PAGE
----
Entering the church, I was struck by how cold it was - Outside is was the first warm and sunny day of Spring, this year.
The first point of interest is the baptismal font-typically, these are sited near the church entrance as a reminder that baptism is the first point on the way of Christian life. This font is believed to date back to 1440. Again, this has the Coat of Arms of the Eyre, Padley and Bernake families.
The Baptism, marriage and burial records would once have been kept in the chest located at the west end of the Nave. This has 3 locks - it was decreed that each parish would provide a secure coffer to hold parish records and other important documents - the parson and 2 church wardens each held a key. The chest dates to around 1604. The records are now kept securely at Matlocks County Archive Office.
There are some attractive stained glass windows, including one rescued from the church at Derwent, (Over the High Altar) which was to be submerged when Ladybower reservoir was formed. The glass was fitted as a Thanks Offering for the end of WW", and the safe return of relatives and friends to the Parish.
On the wall of the High Altar are The Eyre Brasses - A collection of members of the family.
In the choir vestrey are replicas of these, as it is possible to create your own brass rubbings
At the back of the church is a table with guide books and post cards etc - payment to be placed in the nearby slot in the wall.
The present day church dates back to around 1381, it is thought to have been built on the site of a 12th century church.
It was built on top of the hill, because this was the centre of the village, which had formed from an ancient stronghold.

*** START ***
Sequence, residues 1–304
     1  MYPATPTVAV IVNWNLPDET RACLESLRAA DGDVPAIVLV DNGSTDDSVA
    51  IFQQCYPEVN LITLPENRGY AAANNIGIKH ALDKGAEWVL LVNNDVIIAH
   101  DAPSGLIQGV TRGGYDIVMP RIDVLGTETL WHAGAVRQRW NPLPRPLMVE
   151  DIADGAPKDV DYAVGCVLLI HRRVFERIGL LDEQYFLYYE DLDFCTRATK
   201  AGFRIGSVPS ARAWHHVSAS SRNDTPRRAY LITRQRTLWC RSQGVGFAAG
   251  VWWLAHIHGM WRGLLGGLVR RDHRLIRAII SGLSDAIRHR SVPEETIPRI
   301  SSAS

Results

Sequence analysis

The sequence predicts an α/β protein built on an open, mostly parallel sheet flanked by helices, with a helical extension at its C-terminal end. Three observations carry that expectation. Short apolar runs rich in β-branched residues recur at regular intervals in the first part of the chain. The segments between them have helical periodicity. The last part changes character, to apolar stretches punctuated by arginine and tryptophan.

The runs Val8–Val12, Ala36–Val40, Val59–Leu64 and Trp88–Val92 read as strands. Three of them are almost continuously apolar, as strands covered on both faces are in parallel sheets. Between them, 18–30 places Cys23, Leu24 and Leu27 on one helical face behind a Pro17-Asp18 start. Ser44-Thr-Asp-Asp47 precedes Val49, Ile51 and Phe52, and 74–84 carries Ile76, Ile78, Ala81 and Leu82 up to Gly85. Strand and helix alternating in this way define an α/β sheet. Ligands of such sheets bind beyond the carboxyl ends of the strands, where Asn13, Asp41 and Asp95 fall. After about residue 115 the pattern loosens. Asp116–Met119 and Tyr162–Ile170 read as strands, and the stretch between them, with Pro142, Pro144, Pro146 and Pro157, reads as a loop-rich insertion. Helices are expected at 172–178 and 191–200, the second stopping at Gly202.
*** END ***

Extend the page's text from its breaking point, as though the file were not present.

Before entering the church through the porch, (which was probably an addition around 1500, by Robert Eyre 11) look for the four shields and a four leaved rose - they are quite worn, they depict the crests/Arms of the Eyre family and possibly those of the Padley or Bernakes too. (pic 3)
In the porch way is 'an ancient sepulchral slab' which is believed to be the original tomb stone from Little Johns grave. It dates back to the 13th Century, and was found under the flooring of the church. There is an engraved fleur de lys cross and the letters LI, which are a later addition.
Look up at the spire, with its ornate stonework and crocketted pinnacles, that stand out from the spire. (pics 2 & 4) On first sight, I thought that there were carved birds too, but these were real -just resting there!
There are some eroded gargoyles too.
The Methodist church and Millennium Gardens aren't far from the Memorial Hall, heated open-air swimming pool and Oddfellows Terrace.
In the churchyard at the front of The Parish Church of St Michael and All Angels you can find the grave of the lengendary Little John, one of Robin Hood's Merry Men.
The inside of St Michaels church is quite interesting. At the alter are the Eyre brasses. There is a wonderful view of the stained glass window and a memorial to the unknown soldier.
St Michaels church in Hathersage has a beautiful stained glass window by Charles Kempe. The window had been removed from Derwent chapel before it was submerged under Ladybower reservoir.
Camp green is a medieval fortification and is the largest ring work in North Derbyshire.
Local historians believe that there was an Anglo-Saxon settlement here.
The pinfold in Hathersage is where stray sheep, that were rounded up, were kept until the owners came and paid a fine to retrieve them.